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Mahle Tells AETC That Engine Info Is Critical to Piston Selection

If you wonder why manufacturers demand to know so much about your engine when ordering custom pistons, you should have been in the audience when Brad Green of Mahle offered the final presentation at the Advanced Engine Technology Conference (AETC).

Brad Green of Mahle

“We have a data sheet, and there are a lot of blanks,” says Green. “We’re making a single piece for an entire system, so we ask for a lot of information.”

Connecting rods are of particular interest, mostly for clearance issues. Mahle wants to know the length, thickness above the pin, section width and all other dimensions. 

Factors that also come into play for piston design include ring-groove calculations, clearing the crankshaft counterweight, dish/dome volumes and, of course, compression ratio.

“We also need to know the engine rpm,” stresses Green, while showing a totally disfigured piston came back from a customer who fudged on the engine details, which made Mahle’s piston inertia calculations incorrect.

Assessing the circlip lifting speed is another important considering that requires honest input from the customer.

“It’s something that we have to evaluate with each program,” says Green.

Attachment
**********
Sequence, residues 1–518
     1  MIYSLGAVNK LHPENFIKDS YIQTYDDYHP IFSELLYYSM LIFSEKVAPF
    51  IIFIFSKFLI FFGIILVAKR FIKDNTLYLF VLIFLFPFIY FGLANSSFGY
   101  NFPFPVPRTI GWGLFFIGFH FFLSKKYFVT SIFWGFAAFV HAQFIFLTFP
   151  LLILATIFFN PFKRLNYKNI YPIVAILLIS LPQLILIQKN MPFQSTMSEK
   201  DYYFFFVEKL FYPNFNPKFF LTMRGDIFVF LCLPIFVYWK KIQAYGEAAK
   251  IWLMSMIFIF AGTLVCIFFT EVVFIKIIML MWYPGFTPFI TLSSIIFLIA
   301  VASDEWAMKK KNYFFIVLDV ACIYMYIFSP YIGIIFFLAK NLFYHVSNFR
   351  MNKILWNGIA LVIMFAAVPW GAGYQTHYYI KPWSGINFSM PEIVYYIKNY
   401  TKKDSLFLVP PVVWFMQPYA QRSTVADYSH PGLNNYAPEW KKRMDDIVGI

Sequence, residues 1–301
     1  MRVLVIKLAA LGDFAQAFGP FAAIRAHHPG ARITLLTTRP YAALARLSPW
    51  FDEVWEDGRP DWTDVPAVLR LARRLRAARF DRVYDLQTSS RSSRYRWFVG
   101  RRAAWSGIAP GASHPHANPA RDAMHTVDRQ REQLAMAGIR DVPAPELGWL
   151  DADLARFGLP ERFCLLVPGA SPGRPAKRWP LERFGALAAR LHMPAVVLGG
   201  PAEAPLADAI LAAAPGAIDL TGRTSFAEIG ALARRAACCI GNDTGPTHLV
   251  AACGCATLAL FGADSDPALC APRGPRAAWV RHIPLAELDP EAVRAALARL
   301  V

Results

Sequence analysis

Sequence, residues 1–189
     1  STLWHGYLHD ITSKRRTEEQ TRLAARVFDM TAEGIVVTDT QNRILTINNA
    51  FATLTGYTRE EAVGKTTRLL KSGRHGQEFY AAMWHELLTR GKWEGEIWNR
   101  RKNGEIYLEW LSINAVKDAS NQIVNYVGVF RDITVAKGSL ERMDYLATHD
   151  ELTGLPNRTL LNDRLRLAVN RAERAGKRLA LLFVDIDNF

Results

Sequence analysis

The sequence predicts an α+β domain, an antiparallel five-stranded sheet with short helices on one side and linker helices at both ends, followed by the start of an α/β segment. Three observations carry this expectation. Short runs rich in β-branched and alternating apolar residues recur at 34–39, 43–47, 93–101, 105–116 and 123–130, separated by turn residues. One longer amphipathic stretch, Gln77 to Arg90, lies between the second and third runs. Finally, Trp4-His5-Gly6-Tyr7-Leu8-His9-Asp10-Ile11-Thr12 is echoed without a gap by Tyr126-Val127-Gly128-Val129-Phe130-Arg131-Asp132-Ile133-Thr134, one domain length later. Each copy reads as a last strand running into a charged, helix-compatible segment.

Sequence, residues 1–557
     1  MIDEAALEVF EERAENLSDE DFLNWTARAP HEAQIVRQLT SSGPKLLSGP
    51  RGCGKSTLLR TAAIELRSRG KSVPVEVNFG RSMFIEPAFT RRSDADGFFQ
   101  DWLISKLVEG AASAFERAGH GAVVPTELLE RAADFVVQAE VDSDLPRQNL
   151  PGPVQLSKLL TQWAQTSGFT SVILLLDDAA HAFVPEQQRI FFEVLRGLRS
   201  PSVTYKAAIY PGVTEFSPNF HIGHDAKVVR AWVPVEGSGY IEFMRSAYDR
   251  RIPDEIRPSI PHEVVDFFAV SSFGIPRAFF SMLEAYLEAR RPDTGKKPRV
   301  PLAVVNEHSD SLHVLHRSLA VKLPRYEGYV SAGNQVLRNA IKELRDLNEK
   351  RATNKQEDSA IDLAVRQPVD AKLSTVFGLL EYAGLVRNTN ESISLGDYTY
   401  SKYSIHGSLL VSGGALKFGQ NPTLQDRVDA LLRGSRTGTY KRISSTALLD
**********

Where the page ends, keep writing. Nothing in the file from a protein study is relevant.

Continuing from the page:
Mahle can also take a customers camshaft data and combine it with modeling programs to determine the proper valve-relief depths. Computer models also help with designing the correct pin size and placement. For precise FEA, Mahle requires even more data, including cylinder pressures, horsepower, torque and intended durability cycles.

Panel discussion to close out AETC.

From there, Mahle will determine the piston design, material, coatings and other features necessary to meet a customer’s needs.

In closing out the conference, all of the presenters were available for panel Q&A with the audience. The most popular topic was the common causes of engine failure. Highlights of that discussion include:

  • Number 1 is dirt
  • Bearings show first hand any debris left in engine, such as metal shavings after boring
  • Rod bearings are always the first to go if an engine is deprived of oil
  • Failure comes from assumptions, e.g., assuming your torque wrench is calibrated
  • Not reading instructions
  • Listening to a buddy or trusting an Internet forum instead of following the manufacturer’s advice
  • Cell phones

Yes, that last one generated numerous comments and personal stories. As one panelist quipped, “It’s a great way to lose track of where you left off.”


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